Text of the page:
Austin Whitesides, a sophomore studying automotive engineering technology, commemorates the one-year mark in April of his tragic accident. He was laying down underneath a train car and the bar that was holding up the weight slipped. The bar came down and his leg got caught in the auger.

Whitesides said he was life flighted and was told they’d have to amputate from the hip, which is pretty rare

Whitesides now uses a prosthetic leg for mobility. He tells of life as a BYU-Idaho student and the lifestyle he now lives.

Q: What is it like to be a BYU-Idaho student with a physical disability?

To tell you the truth, there’s not much of a difference between having a disability and not being disabled at this school other than I get free parking now because of my handicap sticker. But other than that, I don’t have any special treatments from my teachers or anything like that. Most of them don’t actually know I’m missing a leg and are quite surprised when I have to go to some doctors appointment or something.

Q: What are some things you have been motivated to accomplish since the accident?

Since my accident, I’ve started a new company called Amputee and Co. I sell wristbands, stickers and stuff like that. I’m currently working on selling t-shirts and other merchandise. The money that I make from that business goes to the Challenged Athletes Foundation which is a foundation that builds sports prosthetics for those who can’t afford them. A sports prosthetic is anywhere between $20,000 to $40,000. They also send people from different places to different competitions, for instance, they are sending 12 people this year to the Paralympics. The way you can get involved with this is to go on Facebook and Instagram and follow and like Amputee and Co. Then when you buy the merchandise, the money will go to the people who really need it.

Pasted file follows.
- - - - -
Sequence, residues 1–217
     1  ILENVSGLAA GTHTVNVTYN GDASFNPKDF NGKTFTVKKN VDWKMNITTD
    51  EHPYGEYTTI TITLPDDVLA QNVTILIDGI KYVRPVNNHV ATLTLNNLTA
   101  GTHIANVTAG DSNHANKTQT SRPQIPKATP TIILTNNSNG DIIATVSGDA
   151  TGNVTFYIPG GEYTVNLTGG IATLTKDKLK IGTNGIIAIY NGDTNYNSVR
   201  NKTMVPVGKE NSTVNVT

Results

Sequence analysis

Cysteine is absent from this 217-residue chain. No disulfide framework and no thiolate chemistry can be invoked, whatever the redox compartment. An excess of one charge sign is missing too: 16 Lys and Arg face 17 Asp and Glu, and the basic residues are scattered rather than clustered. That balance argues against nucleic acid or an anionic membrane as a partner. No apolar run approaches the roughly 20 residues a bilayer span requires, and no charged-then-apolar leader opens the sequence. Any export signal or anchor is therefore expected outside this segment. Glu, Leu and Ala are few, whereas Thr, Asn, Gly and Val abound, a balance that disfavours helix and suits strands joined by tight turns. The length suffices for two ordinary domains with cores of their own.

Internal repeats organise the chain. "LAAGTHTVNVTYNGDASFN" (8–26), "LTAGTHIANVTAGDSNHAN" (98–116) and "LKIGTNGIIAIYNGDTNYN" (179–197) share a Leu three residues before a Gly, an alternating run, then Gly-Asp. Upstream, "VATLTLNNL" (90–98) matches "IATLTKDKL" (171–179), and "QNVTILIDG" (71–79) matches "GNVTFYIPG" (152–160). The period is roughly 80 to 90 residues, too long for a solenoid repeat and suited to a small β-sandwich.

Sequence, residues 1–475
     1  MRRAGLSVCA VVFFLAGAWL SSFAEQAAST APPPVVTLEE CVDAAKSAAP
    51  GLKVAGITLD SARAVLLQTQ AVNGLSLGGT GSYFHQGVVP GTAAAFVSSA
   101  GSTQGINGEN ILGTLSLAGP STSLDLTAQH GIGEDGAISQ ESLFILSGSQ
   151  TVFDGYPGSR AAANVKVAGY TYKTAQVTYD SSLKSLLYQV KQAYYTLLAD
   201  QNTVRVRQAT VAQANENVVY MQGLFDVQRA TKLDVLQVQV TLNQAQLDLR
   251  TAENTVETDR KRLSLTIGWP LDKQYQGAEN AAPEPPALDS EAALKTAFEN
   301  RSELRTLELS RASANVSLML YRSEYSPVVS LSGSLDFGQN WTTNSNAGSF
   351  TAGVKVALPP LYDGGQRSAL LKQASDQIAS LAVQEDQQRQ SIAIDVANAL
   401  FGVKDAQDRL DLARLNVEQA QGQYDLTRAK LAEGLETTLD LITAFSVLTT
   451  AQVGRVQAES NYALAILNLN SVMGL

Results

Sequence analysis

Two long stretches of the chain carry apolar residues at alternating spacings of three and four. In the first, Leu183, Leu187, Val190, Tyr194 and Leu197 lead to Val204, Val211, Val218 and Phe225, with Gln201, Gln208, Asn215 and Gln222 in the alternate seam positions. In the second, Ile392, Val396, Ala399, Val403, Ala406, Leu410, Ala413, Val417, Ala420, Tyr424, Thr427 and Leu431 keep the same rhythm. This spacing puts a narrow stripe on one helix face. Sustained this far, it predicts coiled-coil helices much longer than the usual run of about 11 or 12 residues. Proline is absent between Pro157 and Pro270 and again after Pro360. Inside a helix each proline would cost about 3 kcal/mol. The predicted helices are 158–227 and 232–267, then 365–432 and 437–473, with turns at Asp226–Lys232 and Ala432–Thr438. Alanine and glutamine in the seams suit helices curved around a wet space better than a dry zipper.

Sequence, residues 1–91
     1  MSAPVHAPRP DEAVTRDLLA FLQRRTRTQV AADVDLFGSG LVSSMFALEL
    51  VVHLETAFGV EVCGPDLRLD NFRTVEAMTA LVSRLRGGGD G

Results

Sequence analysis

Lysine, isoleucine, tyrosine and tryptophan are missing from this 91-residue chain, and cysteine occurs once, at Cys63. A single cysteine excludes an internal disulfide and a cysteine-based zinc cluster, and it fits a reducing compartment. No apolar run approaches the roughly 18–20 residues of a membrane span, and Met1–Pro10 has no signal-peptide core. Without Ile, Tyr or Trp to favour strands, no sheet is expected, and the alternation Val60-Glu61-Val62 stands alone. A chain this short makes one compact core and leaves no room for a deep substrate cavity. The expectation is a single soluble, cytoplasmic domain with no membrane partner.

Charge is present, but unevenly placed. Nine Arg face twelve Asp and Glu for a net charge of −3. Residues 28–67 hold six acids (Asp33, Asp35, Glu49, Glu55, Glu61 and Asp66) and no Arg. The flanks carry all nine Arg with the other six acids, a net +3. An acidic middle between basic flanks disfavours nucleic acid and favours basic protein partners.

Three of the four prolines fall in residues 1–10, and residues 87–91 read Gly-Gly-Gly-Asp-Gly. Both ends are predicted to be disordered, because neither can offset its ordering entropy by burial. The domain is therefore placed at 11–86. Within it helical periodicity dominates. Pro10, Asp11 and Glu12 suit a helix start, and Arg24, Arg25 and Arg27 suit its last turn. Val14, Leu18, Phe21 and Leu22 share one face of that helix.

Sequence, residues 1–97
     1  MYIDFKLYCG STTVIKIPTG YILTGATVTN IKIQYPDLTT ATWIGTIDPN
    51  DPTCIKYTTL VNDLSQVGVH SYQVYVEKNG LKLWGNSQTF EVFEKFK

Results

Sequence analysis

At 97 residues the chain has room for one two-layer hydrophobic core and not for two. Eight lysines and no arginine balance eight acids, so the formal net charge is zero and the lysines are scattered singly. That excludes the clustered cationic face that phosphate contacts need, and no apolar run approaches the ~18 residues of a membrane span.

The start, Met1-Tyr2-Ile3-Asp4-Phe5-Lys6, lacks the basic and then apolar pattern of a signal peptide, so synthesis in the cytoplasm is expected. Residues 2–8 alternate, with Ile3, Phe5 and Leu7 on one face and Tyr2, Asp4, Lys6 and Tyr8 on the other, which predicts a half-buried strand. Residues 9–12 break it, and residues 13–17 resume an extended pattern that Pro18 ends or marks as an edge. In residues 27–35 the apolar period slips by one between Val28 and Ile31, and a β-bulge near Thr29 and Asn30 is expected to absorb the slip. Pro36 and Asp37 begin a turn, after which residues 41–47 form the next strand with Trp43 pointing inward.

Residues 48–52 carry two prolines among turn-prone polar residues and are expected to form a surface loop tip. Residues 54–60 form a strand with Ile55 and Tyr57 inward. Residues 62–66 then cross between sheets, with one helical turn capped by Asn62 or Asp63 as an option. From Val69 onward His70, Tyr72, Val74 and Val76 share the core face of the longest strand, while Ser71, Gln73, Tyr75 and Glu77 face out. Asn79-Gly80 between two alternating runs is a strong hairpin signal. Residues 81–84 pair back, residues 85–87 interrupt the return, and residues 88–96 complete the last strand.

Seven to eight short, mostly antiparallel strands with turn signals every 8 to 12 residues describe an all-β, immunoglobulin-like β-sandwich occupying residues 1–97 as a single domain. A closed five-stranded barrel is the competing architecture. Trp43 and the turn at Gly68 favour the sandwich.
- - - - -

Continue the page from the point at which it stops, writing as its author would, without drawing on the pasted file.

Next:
Q: What are some things you can still do with a prosthetic leg?

You can do just about everything you want if you put your mind to it. Being an amputee for me has really been a blessing in disguise because it’s given me a new outlook on life, a new way to try and do lots of things. I ride four-wheelers, motorcycles, snowboarding, wakeboarding, you name it, I’ll try and do it.

Q: What helped you the most to get used to this new lifestyle for you?

The biggest thing that helped me through all of it was the power of prayer. Its one thing to pray for someone, but to be prayed for is a whole other thing. You can feel a definite power coming from those who pray for you. I remember specifically right after I had been amputated, I didn’t know why but I had a very positive attitude about it. I came out of the surgery with a joke, and later on, I didn’t realize it but there were a ton of people who were praying for me to be healed. I believe that power was what lifted me up and kept me in high spirits, it kept me from being depressed.

Q: Looking back on it all, is there anything you would change and why?

 

There isn’t a thing I would change about it because you learn so much about yourself, what you can actually do and what you’re capable of. I would never change it for the world.